dogmatic behavior as a substitute for meaningful ideological and theological
inquiry and engagement; I want to be part of a religion, of a Jewish movement
that does not deny our religious obligations in the name of ethical
practice. I want that tension, that
constant dynamic tension. We need that
constant dynamic tension. People are
hard-wired to live in a world of ambiguity and to accept the challenges
therein. We do not deny the complexities
of living a traditional religious life in our contemporary society. We do not resort to dogmatic ideology or
practice nor do we deny the value and centrality of religious
proscription. We embrace that tension,
we navigate that tension. We are a
movement of integrity and a movement of authenticity. We are am
yisrael, a people who – literally:
that is what the word yisrael
means! – struggles with God and with our choices. We are Judaism.
legendary conservationist Lawrence Anthony died March 2. His family tells of a
solemn procession of Elephants that defies human explanation.
For 12 hours,
two herds of wild South African elephants slowly made their way through the Zululand bush until they reached the house of late author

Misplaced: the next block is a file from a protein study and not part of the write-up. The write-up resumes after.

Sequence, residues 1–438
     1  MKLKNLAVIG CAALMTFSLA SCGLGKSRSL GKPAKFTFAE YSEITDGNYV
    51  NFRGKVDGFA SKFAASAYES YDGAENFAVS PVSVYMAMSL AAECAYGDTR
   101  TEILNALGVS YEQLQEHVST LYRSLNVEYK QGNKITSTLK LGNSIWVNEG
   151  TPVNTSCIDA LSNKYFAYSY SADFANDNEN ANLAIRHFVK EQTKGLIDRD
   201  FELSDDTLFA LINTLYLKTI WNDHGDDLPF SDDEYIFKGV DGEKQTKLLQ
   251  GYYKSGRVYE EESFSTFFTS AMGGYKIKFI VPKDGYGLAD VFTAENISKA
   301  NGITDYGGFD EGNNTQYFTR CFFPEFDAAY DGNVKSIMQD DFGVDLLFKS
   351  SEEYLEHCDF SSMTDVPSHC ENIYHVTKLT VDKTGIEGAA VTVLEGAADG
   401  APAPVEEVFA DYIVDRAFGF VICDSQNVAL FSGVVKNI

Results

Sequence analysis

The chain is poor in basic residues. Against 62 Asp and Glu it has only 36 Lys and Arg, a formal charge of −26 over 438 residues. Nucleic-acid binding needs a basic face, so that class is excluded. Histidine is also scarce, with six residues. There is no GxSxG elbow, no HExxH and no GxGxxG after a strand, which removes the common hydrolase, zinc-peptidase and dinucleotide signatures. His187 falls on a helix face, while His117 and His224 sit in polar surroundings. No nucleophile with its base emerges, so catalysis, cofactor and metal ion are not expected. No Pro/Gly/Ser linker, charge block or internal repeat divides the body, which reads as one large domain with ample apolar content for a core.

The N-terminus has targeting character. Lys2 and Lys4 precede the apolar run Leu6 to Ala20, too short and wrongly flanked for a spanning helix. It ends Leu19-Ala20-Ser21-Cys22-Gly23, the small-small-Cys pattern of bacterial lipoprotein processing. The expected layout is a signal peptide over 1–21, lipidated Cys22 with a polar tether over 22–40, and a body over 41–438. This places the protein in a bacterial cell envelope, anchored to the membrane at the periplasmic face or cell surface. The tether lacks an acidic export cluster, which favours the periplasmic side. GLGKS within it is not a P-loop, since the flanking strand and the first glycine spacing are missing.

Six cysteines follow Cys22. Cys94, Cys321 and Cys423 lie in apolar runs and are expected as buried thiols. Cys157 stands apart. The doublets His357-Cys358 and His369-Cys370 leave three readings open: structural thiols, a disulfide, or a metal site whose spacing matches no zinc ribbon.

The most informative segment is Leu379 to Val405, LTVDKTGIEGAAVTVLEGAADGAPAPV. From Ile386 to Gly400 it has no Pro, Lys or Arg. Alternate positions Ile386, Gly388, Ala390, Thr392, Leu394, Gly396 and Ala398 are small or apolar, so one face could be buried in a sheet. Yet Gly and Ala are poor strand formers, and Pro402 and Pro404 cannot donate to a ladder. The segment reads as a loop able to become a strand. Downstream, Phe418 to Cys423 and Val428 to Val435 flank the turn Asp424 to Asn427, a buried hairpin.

Lawrence Anthony, the conservationist who saved their lives. The formerly violent, rogue elephants,
destined to be shot a few years ago as pests, were rescued and rehabilitated by
Anthony, who had grown up in the bush and was known as the “Elephant
For two days
the herds loitered at Anthony’s rural compound on the vast Thula Thula game
reserve in the South African KwaZulu – to say good-bye to the man they loved.
But how did they know he had died?...
There are two
elephant herds at Thula Thula. According to his son Dylan, both arrived at the
Anthony family compound shortly after Anthony’s death. “They had not visited
the house for a year and a half and it must have taken them about 12 hours to
make the journey,” Dylan is quoted in various local news accounts. “The first
herd arrived on Sunday and the second herd, a day later. They all hung around
for about two days before making their way back into the bush.” Elephants have
long been known to mourn their dead. In India, baby elephants often are
raised with a boy who will be their lifelong “mahout.” The pair develop
legendary bonds – and it is not uncommon for one to waste away without a will
to live after the death of the other.
But these are
wild elephants in the 21st century, not some Rudyard Kipling novel… So, how